In our final installment of this series Shawn talks about the importance of attribution modeling, and some different options for attribution.
Attribution is very important for anyone selling a product or service, because it tracks where customers have had contact with the product or service you’re selling. In a 2014 study, AdRoll found that 58% of marketers use a first or last touch model. This approach completely ignores all other touch points. In AdRoll’s most recent study they found that those using multi-touch points has increased to 40%.
In a LunaMetrics blog on Google Analytics Attribution they point out that attribution is still too reliant on first and last touch attribution and on gut instinct. They illustrate the issue this creates by comparing it to getting 10 restaurants recommendations. In their example they say that some people give horrible advice, other may just steer you away from a restaurant, and you may get a recommendation after your decision is made.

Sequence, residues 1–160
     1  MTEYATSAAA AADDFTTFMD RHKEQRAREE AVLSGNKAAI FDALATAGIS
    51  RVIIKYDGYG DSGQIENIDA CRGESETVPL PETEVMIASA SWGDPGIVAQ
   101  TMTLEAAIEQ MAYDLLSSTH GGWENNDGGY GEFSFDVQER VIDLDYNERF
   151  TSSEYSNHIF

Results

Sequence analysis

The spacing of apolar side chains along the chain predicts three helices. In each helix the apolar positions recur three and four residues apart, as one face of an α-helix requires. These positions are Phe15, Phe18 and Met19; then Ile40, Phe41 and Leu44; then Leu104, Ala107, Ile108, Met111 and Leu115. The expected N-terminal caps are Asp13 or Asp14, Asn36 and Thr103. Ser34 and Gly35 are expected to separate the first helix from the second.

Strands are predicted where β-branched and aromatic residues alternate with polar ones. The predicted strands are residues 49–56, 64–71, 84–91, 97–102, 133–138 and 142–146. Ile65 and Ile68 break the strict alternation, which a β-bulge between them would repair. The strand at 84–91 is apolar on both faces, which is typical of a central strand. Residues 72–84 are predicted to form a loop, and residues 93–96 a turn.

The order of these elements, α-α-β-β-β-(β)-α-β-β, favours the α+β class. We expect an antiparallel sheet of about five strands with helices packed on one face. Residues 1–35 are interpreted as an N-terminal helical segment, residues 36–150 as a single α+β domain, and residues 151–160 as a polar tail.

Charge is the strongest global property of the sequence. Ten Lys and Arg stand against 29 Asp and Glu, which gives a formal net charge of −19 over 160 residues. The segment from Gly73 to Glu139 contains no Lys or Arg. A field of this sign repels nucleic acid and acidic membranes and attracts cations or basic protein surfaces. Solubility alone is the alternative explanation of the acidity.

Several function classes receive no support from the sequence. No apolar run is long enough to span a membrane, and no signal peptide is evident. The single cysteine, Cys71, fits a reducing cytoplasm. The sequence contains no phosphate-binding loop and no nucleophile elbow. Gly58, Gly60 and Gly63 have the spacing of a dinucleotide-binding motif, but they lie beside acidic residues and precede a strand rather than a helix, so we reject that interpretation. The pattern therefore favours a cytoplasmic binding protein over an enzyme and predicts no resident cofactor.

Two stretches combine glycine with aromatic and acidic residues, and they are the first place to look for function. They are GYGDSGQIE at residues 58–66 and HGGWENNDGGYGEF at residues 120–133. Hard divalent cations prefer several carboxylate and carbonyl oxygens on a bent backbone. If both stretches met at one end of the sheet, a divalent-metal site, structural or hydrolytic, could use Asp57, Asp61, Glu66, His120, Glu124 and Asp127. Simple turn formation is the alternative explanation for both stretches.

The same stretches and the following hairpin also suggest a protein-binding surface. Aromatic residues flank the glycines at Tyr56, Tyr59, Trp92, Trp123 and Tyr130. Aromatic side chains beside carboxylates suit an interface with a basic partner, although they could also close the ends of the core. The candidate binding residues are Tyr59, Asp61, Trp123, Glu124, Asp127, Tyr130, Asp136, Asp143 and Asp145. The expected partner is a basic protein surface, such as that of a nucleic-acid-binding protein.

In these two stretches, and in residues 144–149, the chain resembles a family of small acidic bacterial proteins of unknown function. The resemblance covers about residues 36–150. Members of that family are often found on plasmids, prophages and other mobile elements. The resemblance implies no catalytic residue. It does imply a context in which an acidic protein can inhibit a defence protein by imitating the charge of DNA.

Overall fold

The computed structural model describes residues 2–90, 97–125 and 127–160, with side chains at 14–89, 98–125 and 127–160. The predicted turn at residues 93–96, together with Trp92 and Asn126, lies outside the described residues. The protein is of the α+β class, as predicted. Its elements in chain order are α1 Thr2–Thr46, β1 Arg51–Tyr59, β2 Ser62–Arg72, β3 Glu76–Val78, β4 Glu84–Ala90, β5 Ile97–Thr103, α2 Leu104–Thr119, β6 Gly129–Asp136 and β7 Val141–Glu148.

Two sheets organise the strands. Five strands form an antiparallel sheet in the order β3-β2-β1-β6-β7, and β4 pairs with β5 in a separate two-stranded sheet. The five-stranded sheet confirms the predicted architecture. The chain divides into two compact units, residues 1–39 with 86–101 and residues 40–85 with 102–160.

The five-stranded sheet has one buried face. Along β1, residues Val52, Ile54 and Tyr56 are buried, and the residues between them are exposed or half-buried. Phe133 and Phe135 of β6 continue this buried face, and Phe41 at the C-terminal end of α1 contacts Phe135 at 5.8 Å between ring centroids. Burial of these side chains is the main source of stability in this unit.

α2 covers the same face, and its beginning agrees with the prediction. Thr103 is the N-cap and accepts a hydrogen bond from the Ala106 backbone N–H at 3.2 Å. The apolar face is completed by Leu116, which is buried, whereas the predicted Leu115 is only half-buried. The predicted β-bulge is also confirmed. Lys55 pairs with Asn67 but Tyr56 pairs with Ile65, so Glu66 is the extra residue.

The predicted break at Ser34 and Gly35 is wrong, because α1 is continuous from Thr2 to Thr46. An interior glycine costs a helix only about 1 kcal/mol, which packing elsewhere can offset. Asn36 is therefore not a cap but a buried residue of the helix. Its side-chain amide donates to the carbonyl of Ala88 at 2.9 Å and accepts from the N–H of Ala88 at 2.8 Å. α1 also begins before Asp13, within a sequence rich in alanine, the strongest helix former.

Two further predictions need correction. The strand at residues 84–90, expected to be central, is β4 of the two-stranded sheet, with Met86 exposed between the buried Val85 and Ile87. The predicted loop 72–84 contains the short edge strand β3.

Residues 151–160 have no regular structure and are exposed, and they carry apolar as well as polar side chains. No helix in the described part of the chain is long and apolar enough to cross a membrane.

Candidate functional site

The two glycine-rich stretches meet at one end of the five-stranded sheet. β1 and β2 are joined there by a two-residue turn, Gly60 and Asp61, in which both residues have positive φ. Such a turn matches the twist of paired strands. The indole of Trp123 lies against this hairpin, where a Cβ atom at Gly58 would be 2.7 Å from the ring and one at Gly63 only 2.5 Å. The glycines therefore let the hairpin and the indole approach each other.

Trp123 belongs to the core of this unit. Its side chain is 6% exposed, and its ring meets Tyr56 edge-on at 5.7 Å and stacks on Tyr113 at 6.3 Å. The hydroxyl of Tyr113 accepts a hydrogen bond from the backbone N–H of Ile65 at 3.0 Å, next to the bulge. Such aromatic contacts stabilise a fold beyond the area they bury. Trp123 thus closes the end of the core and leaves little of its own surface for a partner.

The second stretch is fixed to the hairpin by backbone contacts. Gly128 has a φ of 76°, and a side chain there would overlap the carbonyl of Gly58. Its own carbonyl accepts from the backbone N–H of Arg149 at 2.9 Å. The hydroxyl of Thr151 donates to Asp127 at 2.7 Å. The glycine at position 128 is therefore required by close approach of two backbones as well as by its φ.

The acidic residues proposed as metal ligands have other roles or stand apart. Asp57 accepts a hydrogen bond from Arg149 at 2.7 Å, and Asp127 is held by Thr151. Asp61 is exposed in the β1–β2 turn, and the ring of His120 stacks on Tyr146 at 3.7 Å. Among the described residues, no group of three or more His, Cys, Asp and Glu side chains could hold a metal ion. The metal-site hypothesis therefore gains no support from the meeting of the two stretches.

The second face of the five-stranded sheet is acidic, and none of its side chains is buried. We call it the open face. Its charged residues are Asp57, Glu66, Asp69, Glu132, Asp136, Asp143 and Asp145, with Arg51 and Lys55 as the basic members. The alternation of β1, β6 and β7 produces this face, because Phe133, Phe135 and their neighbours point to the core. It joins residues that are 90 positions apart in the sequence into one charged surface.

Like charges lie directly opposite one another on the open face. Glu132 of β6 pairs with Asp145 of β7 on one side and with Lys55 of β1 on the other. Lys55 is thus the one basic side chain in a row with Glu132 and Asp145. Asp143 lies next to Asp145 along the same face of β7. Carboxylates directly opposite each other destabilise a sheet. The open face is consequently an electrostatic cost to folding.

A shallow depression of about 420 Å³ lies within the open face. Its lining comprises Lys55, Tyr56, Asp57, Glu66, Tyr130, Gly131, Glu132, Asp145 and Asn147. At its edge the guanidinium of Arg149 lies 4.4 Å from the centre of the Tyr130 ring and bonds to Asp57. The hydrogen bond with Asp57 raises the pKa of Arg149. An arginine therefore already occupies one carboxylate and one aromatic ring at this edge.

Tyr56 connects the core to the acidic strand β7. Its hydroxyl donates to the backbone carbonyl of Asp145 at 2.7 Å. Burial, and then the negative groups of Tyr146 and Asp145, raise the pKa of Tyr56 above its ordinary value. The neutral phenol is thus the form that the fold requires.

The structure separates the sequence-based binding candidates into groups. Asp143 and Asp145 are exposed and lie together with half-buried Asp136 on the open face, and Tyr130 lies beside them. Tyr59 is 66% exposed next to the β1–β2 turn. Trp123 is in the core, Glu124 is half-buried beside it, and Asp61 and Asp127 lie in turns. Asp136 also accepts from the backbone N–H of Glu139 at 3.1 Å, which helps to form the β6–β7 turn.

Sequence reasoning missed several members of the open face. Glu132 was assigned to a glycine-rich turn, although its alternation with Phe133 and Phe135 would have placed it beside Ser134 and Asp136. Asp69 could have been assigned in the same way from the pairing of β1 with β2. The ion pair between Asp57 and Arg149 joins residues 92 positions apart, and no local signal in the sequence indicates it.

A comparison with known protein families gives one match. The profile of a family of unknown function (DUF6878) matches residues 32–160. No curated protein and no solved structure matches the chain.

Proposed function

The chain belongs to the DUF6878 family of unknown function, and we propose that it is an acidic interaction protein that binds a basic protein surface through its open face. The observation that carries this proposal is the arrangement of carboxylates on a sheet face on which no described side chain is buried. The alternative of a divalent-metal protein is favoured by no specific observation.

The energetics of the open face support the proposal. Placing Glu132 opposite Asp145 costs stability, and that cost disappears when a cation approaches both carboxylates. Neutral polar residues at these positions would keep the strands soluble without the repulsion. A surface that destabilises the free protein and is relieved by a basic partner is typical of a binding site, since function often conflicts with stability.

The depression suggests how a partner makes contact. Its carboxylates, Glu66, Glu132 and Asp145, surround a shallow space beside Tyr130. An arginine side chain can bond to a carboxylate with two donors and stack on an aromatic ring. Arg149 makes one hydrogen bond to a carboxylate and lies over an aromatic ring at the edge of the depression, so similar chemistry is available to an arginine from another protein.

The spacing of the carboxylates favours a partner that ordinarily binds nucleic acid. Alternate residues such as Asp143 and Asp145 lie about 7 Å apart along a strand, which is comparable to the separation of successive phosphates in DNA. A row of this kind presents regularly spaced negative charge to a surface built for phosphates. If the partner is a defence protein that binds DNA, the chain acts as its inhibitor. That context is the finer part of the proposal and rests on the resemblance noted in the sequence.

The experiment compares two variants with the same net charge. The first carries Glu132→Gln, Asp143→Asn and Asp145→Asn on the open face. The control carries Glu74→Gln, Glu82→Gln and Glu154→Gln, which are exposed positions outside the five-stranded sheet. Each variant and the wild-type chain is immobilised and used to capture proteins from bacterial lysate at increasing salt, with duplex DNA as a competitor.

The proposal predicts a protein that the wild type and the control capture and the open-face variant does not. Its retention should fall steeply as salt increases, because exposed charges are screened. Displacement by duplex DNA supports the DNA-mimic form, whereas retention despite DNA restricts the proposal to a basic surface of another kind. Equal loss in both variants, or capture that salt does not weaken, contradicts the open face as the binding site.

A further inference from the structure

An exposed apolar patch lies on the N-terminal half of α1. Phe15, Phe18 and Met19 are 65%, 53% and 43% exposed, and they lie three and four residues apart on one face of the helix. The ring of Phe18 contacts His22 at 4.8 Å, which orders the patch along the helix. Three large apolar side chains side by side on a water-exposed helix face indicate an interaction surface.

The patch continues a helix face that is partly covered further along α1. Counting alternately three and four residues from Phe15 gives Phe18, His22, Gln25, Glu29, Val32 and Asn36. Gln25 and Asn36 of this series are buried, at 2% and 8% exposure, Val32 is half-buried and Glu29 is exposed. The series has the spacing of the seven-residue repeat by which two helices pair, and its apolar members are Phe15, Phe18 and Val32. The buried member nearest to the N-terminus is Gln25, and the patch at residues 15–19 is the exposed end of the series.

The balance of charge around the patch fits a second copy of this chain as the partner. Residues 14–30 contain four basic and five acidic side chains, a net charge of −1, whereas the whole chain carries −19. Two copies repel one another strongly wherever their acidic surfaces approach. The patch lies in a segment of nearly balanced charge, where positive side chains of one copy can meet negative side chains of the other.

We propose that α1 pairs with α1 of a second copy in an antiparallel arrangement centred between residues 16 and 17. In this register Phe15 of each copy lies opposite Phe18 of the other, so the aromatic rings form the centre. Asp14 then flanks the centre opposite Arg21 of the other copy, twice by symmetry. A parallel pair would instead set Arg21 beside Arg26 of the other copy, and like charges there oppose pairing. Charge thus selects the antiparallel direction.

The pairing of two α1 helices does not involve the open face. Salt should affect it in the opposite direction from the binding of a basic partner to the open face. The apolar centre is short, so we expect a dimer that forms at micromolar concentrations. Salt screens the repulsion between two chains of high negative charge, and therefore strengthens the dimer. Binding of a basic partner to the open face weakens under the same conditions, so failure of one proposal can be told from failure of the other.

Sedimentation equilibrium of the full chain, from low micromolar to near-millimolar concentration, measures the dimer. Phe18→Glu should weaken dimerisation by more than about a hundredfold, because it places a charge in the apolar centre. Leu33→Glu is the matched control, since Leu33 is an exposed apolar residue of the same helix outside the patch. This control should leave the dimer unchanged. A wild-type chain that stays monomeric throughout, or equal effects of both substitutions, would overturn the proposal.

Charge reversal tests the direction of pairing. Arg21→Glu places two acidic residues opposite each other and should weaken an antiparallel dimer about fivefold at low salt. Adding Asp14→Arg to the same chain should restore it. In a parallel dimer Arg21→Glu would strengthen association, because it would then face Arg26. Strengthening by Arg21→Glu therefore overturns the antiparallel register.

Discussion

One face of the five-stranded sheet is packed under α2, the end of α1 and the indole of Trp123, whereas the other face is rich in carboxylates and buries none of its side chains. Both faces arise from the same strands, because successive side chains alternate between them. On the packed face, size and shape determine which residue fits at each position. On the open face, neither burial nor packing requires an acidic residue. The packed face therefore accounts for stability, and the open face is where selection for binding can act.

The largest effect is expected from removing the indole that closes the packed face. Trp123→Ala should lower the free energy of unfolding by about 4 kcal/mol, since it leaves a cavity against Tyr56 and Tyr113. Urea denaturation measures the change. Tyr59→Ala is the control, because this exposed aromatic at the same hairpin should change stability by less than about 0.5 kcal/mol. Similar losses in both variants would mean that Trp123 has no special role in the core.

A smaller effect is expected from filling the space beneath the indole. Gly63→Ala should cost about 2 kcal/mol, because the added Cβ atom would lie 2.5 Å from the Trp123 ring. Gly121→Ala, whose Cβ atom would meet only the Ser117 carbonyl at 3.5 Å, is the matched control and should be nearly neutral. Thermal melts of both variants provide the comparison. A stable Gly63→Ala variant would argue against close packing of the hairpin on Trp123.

The same is true for attribution some sources may be hurting traffic, others may hold less value than you assume, and others may not be necessary. LunaMetrics also points out that even when using multi-touch point models marketers may be creating them on assumptions alone.
Ultimately, the best way to do attribution is to use an algorithm that analyzes your data, and attributes value to all the different sources. However, the percent of marketers using this methodology is in the single digits.
If you’re interested in learning more about data driven attribution you can find Google Analytics’ in depth guide here.
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